Dar es Salaam — Civil society organisations (CSOs) say they will not be silenced in the current debate on whether to allow teen mothers back to school.
Speaking on behalf of a coalition of CSOs in Dar es Salaam on Thursday, acting Legal and Human Rights Centre executive director Anna Henga said the organisations were operating in line with the law, adding that no amount of intimidation would silence them.
The coalition was reacting to the recent threat by Home Affairs minister Mwigulu Nchemba to deregister non-governmental organisations that would continue to press for schoolgirls who became pregnant to be readmitted to school after giving birth even after President John Magufuli rejected the proposal last week.
Ms Henga said CSOs were not breaking the law by taking a stand that contradicts the President's publicly declared position on the matter, adding that any attempt to register them must also be within the confines of the law.
"We cannot remain silent on this issue...we are fighting for girls' rights. It should be remembered that women and girls comprise 51 per cent of Tanzania's population.
"What we are doing is perfectly legal because we are here to defend and advocate human rights. We will not stop doing our work just because we have been threatened with deregistration," Ms Henga said.
She added that various studies showed that the majority of Tanzanians were in favour of girls being readmitted to school after giving birth, and urged the government to consider public opinion.
Ms Henga said the importance of education for teen mothers was mentioned in CCM's 2015-2020 election manifesto and the 2014 Education and Training Policy. "Neighbouring countries including Kenya have adopted the reentry policy. Zanzibar has since 2010 been readmitting girls as part of a wider plan to reduce the rate at which girls were dropping out of school," she said.
The executive director and founder of the girls' rights advocacy organisation Msichana Initiative, Ms Rebecca Gyumi, called for continued public debate, saying this would help the government to come up with inclusive policies that considered the interests of all groups.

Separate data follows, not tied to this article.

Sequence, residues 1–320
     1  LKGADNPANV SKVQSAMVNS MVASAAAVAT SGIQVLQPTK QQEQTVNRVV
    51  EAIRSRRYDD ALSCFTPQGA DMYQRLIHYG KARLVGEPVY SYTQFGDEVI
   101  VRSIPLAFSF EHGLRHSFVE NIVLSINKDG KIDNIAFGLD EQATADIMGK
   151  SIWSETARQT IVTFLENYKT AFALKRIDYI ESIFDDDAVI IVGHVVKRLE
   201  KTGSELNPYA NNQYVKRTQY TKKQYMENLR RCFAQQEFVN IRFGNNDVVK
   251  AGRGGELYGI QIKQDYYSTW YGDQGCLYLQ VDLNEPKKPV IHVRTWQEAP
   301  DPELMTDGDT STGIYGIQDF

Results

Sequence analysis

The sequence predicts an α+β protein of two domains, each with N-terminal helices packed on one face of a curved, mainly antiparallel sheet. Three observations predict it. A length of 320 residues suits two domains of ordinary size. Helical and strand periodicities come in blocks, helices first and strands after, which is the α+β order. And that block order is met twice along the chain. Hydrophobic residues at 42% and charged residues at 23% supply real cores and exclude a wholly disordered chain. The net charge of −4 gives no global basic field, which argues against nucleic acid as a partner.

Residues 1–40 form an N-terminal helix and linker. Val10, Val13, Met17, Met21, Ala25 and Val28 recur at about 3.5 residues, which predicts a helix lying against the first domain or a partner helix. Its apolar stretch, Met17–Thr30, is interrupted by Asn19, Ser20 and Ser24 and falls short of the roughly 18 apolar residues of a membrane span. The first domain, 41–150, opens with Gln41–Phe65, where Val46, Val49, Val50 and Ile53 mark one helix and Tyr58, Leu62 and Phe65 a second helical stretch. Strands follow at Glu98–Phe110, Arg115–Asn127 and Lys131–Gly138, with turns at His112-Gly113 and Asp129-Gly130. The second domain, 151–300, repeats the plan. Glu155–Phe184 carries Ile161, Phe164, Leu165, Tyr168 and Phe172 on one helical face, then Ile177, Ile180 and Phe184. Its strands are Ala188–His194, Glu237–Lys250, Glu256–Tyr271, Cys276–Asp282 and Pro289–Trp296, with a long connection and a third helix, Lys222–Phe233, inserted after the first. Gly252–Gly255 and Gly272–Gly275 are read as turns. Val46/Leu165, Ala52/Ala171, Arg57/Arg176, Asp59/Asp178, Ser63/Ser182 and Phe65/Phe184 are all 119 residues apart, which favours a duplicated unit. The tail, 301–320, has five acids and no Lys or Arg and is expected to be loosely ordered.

"Matters of public interest require exhaustive debate among stakeholders in order to find the best way forward for all," she said.
Speaking during a fundraiser in Dodoma last Sunday, Mr Nchemba said NGOs that were critical of the government's "official position" on various matters risked being struck off the register.
He also threatened to deport foreign representatives of international organisations that were "promoting homosexuality".
Mr Nchemba spoke a few days after President Magufuli said there was no way his government would allow schoolgirls who became pregnant to resume their studies after giving birth.
Opening the 64-kilometre Msata-Bagamoyo road during the final leg of his three-day tour of Coast Region, Dr Magufuli said the idea of allowing teen mothers back to school was a foreign concept "championed by NGOs and other people who do not wish this country well".
"There are many alternatives in life for teen mothers. They can join vocational training colleges or seek loans and become small-scale entrepreneurs.
"Let those NGOs that are making noise build schools for teen mothers. If we allow young mothers back into public schools we will one day have Standard One pupils rushing back home to breast-feed their babies. We will be destroying this nation," Dr Magufuli said, adding that allowing teen mothers back to school would encourage more girls to engage in premarital sex.
The declaration was praised and condemned in equal measure.